Wednesday, November 12, 2003

I Must Never Be the Main Character

One of the reasons that talking about electronic stories is confusing is because it overlaps and coexists with many other, similar, applications. It's a little like adventure games, and it's a little like social software, and it's a little like persistant world games, and it's a little like avant garde fiction that bends the limits of the medium. But -- and this is another place where I think Murray let us down -- it's not those things. The borders may be fuzzy; indeed, there may be no border per se between electronic stories and adventure games. But there is a difference. And we can complete our mining of E. M. Forster by introducing the difference.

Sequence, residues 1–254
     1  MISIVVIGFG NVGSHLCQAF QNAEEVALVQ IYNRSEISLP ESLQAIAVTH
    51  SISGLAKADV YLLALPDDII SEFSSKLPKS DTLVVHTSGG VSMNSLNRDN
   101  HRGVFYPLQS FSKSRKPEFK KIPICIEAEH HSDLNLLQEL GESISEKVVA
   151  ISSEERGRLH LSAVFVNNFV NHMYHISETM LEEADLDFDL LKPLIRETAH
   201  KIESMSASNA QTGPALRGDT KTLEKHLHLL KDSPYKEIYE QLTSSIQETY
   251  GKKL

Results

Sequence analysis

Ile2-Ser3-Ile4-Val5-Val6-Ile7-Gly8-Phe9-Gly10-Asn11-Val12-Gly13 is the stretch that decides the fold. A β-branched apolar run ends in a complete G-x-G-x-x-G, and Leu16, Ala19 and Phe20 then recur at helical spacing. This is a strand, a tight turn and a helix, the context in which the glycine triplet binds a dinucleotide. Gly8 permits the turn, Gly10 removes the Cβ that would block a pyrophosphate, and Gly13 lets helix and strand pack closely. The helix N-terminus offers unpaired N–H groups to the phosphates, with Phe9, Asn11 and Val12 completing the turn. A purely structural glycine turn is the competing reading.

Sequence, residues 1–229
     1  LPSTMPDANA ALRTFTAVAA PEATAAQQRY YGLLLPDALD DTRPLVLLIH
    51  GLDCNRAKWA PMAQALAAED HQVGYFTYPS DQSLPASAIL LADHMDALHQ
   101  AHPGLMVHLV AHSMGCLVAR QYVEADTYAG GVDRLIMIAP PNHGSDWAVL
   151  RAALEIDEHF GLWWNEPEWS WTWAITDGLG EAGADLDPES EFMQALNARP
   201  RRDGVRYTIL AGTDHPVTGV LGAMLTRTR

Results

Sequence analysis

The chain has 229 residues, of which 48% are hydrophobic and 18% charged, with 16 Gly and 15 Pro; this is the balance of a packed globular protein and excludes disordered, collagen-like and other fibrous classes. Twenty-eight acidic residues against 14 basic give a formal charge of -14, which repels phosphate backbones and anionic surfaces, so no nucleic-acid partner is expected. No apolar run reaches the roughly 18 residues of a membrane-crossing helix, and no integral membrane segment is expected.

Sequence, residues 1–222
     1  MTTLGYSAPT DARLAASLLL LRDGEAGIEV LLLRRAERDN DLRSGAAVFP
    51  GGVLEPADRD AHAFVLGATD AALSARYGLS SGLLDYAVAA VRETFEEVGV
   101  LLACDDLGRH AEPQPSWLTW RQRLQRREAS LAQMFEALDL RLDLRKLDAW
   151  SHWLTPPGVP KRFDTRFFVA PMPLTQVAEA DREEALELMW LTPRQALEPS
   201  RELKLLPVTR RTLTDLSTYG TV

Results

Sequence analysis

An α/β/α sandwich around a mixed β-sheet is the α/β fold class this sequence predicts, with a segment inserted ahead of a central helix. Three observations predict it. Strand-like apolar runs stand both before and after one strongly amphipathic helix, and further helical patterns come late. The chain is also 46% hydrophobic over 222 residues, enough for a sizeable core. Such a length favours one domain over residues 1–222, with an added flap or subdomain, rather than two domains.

Character. Literature -- stories, novels, text in any form -- must be about characters. Ideally, those characters should have an arc where they change. In adventure games, in any first person interactive story where the "I" is really the reader, transposed into the fictional worls, there is no character. "I" cannot be the main character, because "I" won't undergo change, at least not in any way dictated by the author. It's a wonderful dream to believe it possible, and I do hold out some dim hope that some future master of the medium will produce it, but for now, Zork, for all it's one of the greatest games ever created, is not a story. It might borrow elements of a story, and this is one reason telling the difference is confusing, but with no character, it cannot be literature.